The Attenborough Effect
A greater desire to travel to remote destinations in search of nature is testimony to the influence of Sir David Attenborough.
Through environmental documentaries such as Blue Planet II and Our Planet, Sir David Attenborough has had a tangible and positive impact on changing consumer behaviour.
Reports suggest that 53 percent of people in the US and UK reduced their single-use plastic as a result of greater awareness.
But his impact can also be seen in a greater desire to travel to remote destinations in pursuit of discovery. Agents report more travellers are shunning the comfortable beach holidays in favour of exploration.
But destinations once considered remote — such as Antarctica — are now getting busy with cruise ships and tourists.
Courtesy of Cookson Adventures, Jacada Travel and Dunia Baru, we look at a few locations still off the beaten track, with flora, fauna and wilderness that would impress even Attenborough himself.
Stretching between Kamchatka and Japan, and scattered in the Sea of Okhotsk, are the verdant and volcanic Kuril Islands. An experienced guide — from the pioneering heli-skiers of Onekotan island to the fly fishermen of the nearby Kamchatka Peninsula — can help you look for sperm whales, orcas, sea lions and otters, before sailing into flooded calderas and exploring abandoned Soviet submarine bases. © Cookson Adventures
Far, far off the coasts of Central and South America, lie underwater mountain ranges so remote that visiting them by yacht is the only option. Together, Socorro, Clarion, San Benedicto and Roca Partida are known as the Revillagigedo Archipelago. Astonished by the amount of pelagic species riding its currents, scientists have dubbed it the ‘superhighway’ of the Pacific. This is also home to some of the largest aggregations of sharks in the world, including Galápagos, silky and silvertips. © Cookson Adventures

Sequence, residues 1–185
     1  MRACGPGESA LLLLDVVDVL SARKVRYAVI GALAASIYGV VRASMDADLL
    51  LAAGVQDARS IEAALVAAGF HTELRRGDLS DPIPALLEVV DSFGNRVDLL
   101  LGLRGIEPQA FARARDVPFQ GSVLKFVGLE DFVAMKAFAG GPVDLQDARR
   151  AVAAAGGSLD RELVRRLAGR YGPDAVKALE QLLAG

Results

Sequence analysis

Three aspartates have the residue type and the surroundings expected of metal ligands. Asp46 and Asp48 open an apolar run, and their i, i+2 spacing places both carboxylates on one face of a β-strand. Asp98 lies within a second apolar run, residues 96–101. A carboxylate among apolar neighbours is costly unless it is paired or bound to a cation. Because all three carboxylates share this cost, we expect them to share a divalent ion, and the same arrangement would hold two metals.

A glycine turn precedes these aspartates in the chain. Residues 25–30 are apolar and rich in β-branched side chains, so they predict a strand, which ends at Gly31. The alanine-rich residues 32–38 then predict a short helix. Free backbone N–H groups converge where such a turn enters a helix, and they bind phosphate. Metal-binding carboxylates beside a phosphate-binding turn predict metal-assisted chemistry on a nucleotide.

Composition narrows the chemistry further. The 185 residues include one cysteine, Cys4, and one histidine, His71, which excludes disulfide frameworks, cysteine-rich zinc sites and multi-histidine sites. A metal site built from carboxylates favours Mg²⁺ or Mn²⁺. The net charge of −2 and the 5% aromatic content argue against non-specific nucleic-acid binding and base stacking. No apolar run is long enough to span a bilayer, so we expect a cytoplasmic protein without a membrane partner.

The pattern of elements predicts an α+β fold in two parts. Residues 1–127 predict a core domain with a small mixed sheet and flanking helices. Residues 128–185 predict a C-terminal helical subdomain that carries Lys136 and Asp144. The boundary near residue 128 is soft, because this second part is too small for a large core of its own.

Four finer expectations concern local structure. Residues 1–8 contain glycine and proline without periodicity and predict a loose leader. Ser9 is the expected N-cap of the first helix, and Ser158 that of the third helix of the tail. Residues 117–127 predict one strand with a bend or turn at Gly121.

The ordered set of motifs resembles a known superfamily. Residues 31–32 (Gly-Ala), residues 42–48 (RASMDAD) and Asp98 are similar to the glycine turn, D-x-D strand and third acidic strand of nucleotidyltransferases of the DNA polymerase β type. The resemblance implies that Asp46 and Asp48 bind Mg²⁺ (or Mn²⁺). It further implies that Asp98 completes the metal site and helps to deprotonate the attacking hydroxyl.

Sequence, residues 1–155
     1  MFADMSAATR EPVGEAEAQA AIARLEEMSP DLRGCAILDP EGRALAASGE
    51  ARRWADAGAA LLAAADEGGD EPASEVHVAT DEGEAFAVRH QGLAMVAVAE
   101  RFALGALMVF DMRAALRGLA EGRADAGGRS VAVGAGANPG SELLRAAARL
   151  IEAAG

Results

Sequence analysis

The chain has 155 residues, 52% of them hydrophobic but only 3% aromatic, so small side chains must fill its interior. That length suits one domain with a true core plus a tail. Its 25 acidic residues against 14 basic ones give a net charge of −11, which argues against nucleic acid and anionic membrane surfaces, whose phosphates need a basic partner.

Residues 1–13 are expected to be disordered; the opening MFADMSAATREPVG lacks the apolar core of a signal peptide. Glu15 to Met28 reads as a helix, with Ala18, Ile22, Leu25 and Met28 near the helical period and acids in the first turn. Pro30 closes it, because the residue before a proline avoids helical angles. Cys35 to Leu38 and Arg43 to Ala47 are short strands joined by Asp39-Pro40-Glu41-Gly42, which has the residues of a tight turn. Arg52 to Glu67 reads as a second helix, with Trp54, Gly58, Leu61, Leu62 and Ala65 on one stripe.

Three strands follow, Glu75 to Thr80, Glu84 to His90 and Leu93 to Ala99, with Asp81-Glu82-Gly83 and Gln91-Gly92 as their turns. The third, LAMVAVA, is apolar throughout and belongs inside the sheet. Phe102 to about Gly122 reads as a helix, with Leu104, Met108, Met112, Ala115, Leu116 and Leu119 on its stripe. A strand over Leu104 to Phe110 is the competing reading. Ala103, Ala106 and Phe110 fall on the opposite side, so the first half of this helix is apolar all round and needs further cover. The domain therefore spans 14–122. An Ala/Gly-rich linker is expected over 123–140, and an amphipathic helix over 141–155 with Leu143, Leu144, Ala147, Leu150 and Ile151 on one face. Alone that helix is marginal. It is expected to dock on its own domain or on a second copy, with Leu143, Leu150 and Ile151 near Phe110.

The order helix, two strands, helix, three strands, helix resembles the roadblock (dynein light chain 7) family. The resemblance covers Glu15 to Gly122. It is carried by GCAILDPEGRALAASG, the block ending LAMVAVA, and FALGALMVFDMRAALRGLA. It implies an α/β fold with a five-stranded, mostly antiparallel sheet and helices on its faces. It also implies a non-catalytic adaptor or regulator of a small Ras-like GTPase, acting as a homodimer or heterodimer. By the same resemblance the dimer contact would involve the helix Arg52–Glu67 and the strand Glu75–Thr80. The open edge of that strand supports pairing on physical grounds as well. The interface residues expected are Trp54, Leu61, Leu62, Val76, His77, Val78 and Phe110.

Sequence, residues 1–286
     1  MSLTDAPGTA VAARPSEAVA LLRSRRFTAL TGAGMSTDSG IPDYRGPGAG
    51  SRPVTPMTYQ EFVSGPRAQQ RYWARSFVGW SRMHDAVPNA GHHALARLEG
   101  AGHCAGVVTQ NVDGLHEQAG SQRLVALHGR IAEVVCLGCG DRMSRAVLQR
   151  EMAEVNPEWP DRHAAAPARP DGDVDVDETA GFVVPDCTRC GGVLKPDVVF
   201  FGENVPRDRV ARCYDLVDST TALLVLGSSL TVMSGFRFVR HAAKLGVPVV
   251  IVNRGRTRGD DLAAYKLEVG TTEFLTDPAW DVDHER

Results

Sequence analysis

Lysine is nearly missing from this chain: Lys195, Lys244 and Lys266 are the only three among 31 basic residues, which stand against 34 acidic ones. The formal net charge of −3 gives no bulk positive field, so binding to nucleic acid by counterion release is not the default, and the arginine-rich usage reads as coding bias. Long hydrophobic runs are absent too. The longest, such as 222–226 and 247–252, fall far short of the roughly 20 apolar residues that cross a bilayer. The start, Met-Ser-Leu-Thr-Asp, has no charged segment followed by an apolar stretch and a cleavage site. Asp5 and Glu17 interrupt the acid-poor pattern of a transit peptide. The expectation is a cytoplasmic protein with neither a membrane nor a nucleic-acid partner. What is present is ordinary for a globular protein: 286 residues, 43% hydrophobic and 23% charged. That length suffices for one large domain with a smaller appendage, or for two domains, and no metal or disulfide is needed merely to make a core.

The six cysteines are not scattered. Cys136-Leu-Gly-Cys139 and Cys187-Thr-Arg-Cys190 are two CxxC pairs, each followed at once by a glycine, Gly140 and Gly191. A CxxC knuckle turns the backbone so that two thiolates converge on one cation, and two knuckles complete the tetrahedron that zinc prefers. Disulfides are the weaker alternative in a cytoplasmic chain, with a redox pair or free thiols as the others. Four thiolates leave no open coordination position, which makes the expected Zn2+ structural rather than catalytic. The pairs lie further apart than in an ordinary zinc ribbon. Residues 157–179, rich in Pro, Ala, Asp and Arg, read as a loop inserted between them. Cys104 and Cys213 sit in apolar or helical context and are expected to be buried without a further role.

The world’s largest island, Greenland, recently made headlines due to Trump’s desire to purchase it...unsuccessfully. As well as its precious commodities, this is a true Arctic wilderness, where one can search for polar bears, lumbering muskoxen, narwhals, bowhead whales, belugas, walruses, sea eagles and reindeer — and find isolated Inuit fishing villages in its fringes, where inhabitants will welcome you warmly. © Cookson Adventures
Raja Ampat, Indonesia
Often described as the most extraordinary marine habitat on the planet, the 40,000 square kilometers of the Raja Ampat archipelago lie at the point where the Pacific currents collide with the Indian Ocean. These nutrient-rich waters have spawned a marine Eden. There are 1,300 species of fish and counting, and three-quarters of all the hard corals in the world are found here. As seen from the Dunia Baru, a 51m handcrafted teak vessel built with an eco-conscience. © Dunia Baru
Papua New Guinea
Papua New Guinea's lush forested mountain ranges are home to colourful birds of paradise, while the pristine waters of the Solomon and Coral seas teem with marine life, making this one of the world’s best diving destinations. The islands that lay to the north are covered in volcanoes, some of which still gurgle and smoulder. © Jacada Travel
With 90 percent of all flora and fauna found in Madagascar endemic, and a blend of Austronesian, African, Arab and European culture, this African island is truly unique. As well as its iconic lemurs — which are reason enough for many to venture here — Madagascar has stretches of beautiful Indian Ocean coastline, exclusive island retreats, a rugged interior to be explored. © Jacada Travel
Midgard Hut, Iceland
Located deep in the highlands of Iceland, literally in the middle of nowhere, Midgard is a modest-yet-comfortable hut only reachable by super jeep where the intensity of the Northern Lights, shooting stars and the nothingness make for an absolutely off-grid experience. Winter days are spent playing in the snow, ice fishing, snorkelling and bird-watching, while in summer, enjoy the endless days, barbecuing Icelandic delicacies in the midnight sun. © Jacada Travel